- Are you really implementing your plan?
- If so is it working?
Above all, as you go through this process, are you looking through the windshield or in the rear view mirror? Some of us are painfully aware of generational changes in our employees and what they value. How many of us, in materiality, are looking at generational changes in our customers – let alone in our investors?
2. Decide what your personal role should be
Once you’ve figured out the issues that matter, there’s a second question: What is your role in helping your company understand and act on those issues? Is your role to enable? Apologize? Defer? Deflect? Explain? Inform? Improve? Influence? Challenge? Lead from below?
To look at the tough question of your role, you need to ask yourself honestly–
- Not just who you talk to, but who listens to you?
- What would be different if your job didn’t exist?
- Do you help your company understand and face issues or avoid them?
- Do you help your company learn and get better, or get by longer without having to change?
- Do you get buy-in from senior management, or do you settle for acquiescence? Do you sell them on facing the tough issues, or only sell them what you know they’re already pre-disposed to accept?
- How much do you manage performance, and how much perception? (Both are valid – but what’s the right mix of the two?)
Above all, what’s your legacy going to be from your time in your role? It’s not just CEOs who get to – or have to – ask that question. One advantage of age is that I’ve been around long enough to see the consequences of my roles and actions. What may seem like the distant future to you now will be your present and then your legacy all too soon. You can’t shape your legacy retroactively; you need to make those decisions now.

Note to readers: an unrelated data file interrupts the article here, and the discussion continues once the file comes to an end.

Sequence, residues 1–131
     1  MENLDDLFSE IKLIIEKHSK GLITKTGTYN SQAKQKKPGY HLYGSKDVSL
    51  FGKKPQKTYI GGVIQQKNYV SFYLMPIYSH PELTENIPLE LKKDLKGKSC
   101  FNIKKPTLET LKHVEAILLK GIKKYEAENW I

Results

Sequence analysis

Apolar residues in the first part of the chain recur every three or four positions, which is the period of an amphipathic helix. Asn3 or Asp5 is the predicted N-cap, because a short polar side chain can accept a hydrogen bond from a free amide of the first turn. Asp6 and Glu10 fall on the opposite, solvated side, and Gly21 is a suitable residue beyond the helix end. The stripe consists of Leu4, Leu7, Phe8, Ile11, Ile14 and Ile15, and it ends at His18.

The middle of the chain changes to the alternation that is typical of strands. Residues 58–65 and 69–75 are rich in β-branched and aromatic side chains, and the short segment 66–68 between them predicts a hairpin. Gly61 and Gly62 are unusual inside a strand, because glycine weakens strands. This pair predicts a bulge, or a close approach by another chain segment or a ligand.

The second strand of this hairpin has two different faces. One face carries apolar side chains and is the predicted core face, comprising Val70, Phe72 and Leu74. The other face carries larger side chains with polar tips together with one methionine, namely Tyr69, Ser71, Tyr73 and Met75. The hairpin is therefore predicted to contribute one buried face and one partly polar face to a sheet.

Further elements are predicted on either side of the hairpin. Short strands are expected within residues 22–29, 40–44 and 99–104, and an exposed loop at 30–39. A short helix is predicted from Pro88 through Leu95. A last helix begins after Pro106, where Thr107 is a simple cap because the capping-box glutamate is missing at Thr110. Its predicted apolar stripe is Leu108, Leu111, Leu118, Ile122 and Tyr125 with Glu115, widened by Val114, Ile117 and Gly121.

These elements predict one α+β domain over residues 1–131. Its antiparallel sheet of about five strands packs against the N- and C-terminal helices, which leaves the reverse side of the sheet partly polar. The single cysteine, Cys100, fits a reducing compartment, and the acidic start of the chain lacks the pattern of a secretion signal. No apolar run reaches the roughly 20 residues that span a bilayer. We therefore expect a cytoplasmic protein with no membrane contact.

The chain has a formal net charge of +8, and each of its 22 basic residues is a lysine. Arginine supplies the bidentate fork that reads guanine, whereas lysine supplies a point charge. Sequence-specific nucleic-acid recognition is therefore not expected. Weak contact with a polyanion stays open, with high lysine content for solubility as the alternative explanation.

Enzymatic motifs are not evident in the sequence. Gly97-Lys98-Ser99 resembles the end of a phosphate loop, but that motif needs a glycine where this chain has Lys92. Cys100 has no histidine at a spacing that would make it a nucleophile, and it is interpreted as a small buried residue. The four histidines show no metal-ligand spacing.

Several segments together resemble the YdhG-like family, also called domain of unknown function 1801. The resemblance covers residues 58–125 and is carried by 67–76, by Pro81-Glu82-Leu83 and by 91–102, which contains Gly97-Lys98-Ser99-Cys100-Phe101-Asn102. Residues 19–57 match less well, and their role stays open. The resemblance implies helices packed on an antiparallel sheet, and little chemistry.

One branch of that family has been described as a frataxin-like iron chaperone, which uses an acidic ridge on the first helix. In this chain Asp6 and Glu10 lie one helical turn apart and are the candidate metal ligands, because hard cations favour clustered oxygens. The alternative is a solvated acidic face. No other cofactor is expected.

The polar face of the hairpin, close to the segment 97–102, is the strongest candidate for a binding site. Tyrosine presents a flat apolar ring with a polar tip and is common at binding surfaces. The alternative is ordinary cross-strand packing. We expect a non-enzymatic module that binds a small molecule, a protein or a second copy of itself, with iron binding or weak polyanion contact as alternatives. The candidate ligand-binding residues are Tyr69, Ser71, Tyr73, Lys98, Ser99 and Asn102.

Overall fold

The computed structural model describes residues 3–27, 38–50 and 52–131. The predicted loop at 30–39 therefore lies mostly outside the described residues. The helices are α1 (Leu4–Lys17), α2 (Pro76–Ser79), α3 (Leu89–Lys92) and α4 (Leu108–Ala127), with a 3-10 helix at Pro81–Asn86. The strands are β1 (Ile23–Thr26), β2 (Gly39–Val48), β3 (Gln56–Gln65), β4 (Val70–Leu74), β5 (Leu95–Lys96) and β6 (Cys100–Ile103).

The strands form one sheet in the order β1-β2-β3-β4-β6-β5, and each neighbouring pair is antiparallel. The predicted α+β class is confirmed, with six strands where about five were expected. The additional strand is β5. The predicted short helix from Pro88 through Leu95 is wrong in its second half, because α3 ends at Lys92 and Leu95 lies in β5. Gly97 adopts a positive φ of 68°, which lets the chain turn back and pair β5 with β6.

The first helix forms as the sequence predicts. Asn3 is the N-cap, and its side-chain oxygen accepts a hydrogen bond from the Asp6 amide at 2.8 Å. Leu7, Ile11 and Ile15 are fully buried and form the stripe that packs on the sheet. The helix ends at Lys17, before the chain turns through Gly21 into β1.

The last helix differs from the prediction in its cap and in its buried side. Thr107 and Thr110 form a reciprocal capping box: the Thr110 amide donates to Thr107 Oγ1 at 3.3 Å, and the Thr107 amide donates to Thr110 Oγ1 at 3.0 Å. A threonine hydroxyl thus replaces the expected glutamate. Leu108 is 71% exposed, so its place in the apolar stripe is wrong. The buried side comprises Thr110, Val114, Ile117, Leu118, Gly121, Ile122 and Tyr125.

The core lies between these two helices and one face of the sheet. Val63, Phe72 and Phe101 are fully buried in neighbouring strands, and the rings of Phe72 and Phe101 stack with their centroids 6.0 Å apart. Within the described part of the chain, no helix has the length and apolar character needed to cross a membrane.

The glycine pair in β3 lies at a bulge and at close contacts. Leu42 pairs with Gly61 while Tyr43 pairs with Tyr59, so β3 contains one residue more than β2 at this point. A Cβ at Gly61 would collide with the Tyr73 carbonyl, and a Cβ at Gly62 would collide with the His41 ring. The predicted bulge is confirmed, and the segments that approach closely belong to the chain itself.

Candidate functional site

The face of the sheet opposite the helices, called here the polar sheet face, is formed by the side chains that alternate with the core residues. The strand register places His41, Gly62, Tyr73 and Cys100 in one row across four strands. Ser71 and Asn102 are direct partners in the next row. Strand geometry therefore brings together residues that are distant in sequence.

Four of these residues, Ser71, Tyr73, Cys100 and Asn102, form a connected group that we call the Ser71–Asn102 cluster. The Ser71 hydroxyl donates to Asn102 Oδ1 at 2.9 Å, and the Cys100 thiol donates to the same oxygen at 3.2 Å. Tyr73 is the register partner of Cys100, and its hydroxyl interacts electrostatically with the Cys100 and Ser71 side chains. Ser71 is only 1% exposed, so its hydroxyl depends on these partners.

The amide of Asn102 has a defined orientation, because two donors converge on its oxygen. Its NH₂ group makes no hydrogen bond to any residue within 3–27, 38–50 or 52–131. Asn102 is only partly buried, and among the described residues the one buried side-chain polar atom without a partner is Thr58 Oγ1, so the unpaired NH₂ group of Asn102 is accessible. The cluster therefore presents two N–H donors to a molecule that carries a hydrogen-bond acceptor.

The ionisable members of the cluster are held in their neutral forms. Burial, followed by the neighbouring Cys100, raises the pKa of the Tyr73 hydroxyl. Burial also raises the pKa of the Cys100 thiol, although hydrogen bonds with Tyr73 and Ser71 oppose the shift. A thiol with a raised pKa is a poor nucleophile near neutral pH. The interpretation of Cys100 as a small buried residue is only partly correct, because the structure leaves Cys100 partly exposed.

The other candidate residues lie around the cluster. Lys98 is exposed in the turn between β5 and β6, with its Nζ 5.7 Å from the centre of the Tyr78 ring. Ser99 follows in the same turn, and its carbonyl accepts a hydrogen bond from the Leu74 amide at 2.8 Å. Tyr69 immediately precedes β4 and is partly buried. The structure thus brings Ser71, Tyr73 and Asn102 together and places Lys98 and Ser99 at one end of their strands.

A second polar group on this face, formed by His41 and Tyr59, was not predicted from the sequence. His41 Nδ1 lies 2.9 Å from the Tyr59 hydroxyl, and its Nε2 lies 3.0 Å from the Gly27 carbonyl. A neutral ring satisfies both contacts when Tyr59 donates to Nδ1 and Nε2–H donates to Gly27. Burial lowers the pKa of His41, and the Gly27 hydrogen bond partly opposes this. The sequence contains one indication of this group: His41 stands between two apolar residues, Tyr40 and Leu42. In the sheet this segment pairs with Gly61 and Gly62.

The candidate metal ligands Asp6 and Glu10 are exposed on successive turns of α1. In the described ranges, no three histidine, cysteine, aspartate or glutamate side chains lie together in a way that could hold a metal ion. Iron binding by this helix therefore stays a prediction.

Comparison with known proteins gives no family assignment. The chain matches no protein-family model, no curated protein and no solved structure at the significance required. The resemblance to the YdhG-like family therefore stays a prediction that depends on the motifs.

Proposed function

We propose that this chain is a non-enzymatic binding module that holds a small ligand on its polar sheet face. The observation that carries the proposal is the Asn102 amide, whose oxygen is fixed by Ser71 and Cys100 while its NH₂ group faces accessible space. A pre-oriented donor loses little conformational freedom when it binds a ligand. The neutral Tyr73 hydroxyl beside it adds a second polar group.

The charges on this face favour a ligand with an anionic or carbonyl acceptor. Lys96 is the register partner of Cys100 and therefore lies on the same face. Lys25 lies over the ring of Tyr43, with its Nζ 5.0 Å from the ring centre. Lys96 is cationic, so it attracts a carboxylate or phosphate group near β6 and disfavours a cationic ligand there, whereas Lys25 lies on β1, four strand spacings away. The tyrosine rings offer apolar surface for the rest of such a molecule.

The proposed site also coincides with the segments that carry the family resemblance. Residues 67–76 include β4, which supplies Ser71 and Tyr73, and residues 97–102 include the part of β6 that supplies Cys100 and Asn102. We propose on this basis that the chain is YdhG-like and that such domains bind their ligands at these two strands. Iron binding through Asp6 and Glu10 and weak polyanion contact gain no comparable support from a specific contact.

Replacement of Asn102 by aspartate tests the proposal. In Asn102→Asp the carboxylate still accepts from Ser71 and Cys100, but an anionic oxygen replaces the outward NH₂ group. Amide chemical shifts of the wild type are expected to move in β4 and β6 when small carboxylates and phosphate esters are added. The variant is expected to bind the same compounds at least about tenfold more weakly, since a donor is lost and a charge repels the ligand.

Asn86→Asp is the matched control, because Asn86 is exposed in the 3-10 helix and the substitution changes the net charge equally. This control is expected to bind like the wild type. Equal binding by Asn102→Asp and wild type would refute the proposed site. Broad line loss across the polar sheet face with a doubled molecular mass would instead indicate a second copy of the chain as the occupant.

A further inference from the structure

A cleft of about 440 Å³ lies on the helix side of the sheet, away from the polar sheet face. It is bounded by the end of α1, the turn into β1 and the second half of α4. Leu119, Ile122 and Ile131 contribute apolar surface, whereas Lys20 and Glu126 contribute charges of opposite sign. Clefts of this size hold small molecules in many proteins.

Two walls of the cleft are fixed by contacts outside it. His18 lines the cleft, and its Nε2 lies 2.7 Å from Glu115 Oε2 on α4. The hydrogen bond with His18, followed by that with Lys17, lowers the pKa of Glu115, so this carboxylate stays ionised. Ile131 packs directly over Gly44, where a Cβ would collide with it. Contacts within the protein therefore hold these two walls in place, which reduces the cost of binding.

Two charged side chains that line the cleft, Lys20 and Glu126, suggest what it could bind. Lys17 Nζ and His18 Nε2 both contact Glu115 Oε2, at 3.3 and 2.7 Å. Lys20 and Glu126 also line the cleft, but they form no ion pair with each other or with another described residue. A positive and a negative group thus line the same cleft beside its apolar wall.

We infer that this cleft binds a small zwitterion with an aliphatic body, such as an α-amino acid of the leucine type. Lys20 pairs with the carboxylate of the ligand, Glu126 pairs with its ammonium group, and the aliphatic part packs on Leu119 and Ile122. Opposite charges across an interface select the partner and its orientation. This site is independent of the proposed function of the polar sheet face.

So what do you do?
I’m not proposing that corporate sustainability professionals commit career suicide. I am proposing that they:
- Use materiality for real – to figure out “what matters”
- Use materiality to drive action, not just communication
- Use materiality to identify and engage key stakeholders
- Make connections to the revenue stream, not just cost
- Make connections to real business risk
- Identify and recruit champions, often not your boss or even in your chain of command
- Decide what you want your role to be. I can’t tell you what that role should be, but I can tell you it should be determined by design and not by default.
All this was hard before the election results. In the political climate after the election, it’s that much harder – and more essential. In the US, government is not going to solve key sustainability issues. It may not even acknowledge them. If you work in business, if you work in sustainability, and if you think the issues you’re working on (like climate change) really matter, then you don’t have much choice. The time to focus on what matters and on your role is now.
[Opinions in this blog are solely those of Scott Nadler and do not necessarily represent views of Nadler Strategy’s clients or partners, or those cited in the post. To share this blog, see additional posts on Scott’s blog or subscribe please go to nadlerstrategy.com.]